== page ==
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While editing a text, I came across this sentence: "The festival is a rainbow of color and joy."

My question concerns the word "color." I feel it should be plural: "The festival is a rainbow of colors and joy."

I asked a colleague and she felt it was fine because color was describing the rainbow...an adjective use. I felt that a rainbow cannot be only one color and consists of many so it should be "colors."

Color or colors? Is there a way to decide this?

I should point out that the context is an article about a festival in which people dress up with multi-colored costumes.

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    The festival is a rainbow of color and joy - colour: the pleasant effect of a bright colour or of a lot of colours together.dictionary.cambridge.org/dictionary/english/colour – user66974 Mar 2 '17 at 17:04
  • It's an awkward expression anyway. A rainbow of color is an antonym of a rainbow of black-and-white. – michael.hor257k Mar 2 '17 at 17:18
  • "The festival is a symphony of color and joy." Notice how using a different metaphor removes it from the literal (and limited) spectrum of sunlight being refracted by droplets of water in the air. Most festivals are much more colorful than rainbows. :-) Extra credit for a rainbow of black-and-white. – Mark Hubbard Mar 2 '17 at 18:47
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Although the rainbow above is a spectrum of colors, the word rainbow here is a metaphor for an abundance of good things such as the beauty of color and the delight of joy. The festival is filled with color and joy.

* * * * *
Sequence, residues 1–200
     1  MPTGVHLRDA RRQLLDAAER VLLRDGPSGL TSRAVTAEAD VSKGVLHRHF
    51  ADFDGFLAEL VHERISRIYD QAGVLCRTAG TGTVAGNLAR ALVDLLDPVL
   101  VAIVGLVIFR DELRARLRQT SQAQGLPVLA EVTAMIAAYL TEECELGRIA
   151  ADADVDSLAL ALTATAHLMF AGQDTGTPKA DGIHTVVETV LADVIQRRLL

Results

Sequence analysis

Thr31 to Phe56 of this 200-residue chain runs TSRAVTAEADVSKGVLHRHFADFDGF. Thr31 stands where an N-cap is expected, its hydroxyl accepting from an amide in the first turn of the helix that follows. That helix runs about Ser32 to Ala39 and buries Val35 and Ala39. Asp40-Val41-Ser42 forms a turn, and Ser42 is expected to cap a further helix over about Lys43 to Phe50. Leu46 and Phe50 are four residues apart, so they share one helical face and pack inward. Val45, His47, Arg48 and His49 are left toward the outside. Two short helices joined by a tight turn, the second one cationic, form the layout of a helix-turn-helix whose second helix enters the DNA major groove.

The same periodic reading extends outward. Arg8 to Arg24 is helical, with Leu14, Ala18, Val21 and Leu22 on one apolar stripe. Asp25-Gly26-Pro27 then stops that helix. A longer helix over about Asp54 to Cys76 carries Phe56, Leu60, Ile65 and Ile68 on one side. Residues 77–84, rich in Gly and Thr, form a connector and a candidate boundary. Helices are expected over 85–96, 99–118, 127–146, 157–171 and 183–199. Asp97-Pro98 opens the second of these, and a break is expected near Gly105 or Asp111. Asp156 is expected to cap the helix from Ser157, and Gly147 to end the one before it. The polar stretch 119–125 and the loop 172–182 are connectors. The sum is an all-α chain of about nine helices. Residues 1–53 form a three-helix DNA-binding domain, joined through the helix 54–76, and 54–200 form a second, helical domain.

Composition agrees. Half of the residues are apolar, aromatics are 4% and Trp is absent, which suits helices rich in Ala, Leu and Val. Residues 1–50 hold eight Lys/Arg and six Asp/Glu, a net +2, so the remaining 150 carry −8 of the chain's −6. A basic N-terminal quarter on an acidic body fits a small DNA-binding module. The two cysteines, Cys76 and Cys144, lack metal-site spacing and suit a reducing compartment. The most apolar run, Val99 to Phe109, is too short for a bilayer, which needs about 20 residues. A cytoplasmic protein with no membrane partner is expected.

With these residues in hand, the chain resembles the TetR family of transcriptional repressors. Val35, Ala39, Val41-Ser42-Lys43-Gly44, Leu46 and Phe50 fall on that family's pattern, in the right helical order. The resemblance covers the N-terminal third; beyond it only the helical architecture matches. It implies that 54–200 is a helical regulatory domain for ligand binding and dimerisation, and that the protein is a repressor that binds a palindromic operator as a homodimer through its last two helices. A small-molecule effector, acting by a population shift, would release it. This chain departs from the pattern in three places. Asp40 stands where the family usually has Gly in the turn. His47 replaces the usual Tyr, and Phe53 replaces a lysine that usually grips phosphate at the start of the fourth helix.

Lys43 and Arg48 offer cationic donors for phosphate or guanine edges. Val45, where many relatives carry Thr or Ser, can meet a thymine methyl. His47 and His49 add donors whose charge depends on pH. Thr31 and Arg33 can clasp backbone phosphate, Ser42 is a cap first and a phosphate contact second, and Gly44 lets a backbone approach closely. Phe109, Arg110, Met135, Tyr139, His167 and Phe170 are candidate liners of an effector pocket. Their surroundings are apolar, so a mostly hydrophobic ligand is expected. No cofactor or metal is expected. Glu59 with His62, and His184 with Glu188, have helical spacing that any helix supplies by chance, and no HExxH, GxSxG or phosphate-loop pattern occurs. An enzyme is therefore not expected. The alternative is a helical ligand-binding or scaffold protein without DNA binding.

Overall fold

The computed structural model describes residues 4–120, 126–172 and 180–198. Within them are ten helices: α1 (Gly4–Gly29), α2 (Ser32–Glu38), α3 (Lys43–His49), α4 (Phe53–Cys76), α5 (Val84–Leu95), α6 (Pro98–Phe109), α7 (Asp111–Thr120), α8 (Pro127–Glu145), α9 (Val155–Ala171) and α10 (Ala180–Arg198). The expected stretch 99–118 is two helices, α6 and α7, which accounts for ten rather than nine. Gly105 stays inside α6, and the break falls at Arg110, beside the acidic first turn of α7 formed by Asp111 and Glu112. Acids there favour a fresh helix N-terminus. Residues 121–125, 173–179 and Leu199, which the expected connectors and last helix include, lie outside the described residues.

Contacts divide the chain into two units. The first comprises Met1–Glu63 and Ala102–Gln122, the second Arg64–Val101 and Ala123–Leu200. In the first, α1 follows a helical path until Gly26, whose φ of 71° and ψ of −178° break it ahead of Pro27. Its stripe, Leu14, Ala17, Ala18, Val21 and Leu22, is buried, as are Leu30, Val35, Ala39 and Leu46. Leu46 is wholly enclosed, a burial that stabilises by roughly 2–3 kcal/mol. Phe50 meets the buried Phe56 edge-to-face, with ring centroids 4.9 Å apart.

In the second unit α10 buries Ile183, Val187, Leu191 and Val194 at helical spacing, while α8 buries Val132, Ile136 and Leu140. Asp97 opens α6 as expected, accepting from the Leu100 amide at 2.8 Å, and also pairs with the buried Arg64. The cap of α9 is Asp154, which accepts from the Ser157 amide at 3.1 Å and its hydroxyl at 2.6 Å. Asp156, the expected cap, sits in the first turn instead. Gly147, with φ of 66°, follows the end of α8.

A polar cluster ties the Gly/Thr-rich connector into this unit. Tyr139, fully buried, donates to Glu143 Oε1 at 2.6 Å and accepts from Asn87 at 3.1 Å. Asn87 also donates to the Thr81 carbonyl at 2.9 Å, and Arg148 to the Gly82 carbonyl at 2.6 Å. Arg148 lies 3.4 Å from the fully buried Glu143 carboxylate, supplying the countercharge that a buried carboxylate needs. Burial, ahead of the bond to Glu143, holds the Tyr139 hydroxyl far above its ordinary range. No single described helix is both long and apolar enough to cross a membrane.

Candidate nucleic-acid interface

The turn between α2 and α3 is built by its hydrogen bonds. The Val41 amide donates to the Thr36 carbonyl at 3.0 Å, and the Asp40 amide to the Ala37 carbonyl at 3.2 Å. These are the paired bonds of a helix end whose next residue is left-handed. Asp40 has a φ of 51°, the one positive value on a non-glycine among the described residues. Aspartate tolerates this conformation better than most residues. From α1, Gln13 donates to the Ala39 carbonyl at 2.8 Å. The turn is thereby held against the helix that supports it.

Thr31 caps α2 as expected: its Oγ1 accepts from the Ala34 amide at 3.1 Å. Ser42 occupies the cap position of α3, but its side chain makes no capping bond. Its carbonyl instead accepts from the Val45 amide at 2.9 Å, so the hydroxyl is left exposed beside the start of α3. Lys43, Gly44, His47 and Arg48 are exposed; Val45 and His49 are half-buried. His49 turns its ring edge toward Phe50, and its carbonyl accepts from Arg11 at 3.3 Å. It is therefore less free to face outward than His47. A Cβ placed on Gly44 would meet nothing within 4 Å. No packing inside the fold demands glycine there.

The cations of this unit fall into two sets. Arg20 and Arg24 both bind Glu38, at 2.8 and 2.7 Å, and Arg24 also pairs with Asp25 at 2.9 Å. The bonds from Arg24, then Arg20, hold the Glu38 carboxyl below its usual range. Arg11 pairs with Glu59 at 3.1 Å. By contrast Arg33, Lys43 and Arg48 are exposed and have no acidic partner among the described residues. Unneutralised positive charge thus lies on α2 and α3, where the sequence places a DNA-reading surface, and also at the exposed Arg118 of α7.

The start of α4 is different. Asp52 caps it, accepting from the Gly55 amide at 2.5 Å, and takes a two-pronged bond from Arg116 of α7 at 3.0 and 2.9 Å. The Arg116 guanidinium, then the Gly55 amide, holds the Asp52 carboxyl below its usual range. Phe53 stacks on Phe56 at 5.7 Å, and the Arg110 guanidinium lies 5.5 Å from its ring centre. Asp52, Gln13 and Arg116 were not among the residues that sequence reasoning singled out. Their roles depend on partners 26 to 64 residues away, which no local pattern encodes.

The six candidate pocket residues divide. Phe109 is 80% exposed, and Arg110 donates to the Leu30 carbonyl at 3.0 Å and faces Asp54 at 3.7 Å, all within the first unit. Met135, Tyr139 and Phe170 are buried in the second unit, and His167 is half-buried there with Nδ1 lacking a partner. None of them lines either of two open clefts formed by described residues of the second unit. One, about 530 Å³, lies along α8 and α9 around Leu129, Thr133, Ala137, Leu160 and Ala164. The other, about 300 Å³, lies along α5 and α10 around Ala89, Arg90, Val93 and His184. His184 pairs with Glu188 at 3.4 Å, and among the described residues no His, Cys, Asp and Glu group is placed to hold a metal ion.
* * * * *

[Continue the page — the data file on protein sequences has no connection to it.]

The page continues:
If it were an actual rainbow, we would not need to hear there were colors, as we would know that.

American Heritage (5th Edition) definition:

A diverse assortment or collection.

Compare the phrasing from the Shaker hymn Simple Gifts:

In the valley of love and delight

Why would we want to be in a valley with only one delight instead of a cornucopia of them? We would not, but the delight is the valley's specialty, and it has its generous share.

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  • But if I replace "rainbow" with "collection" the sentence seems not to work: "...a collection of color and joy." Seems like we should have a collection of things, "colors." I understand the metaphor aspect. Could it be that even if it's a metaphor, the grammar needs to match? Maybe I'm getting confused because color can be a countable and non-countable noun. – michael_timofeev Mar 3 '17 at 1:45
  • Collection is not wrong but not poetic, either. Try is a generosity (or array, or smorgazbord) of color. It is rich with color. No plural needed inside the prepositional phrase -> My garden is filled with color, and they have gardens of color. – Yosef Baskin Mar 3 '17 at 15:17

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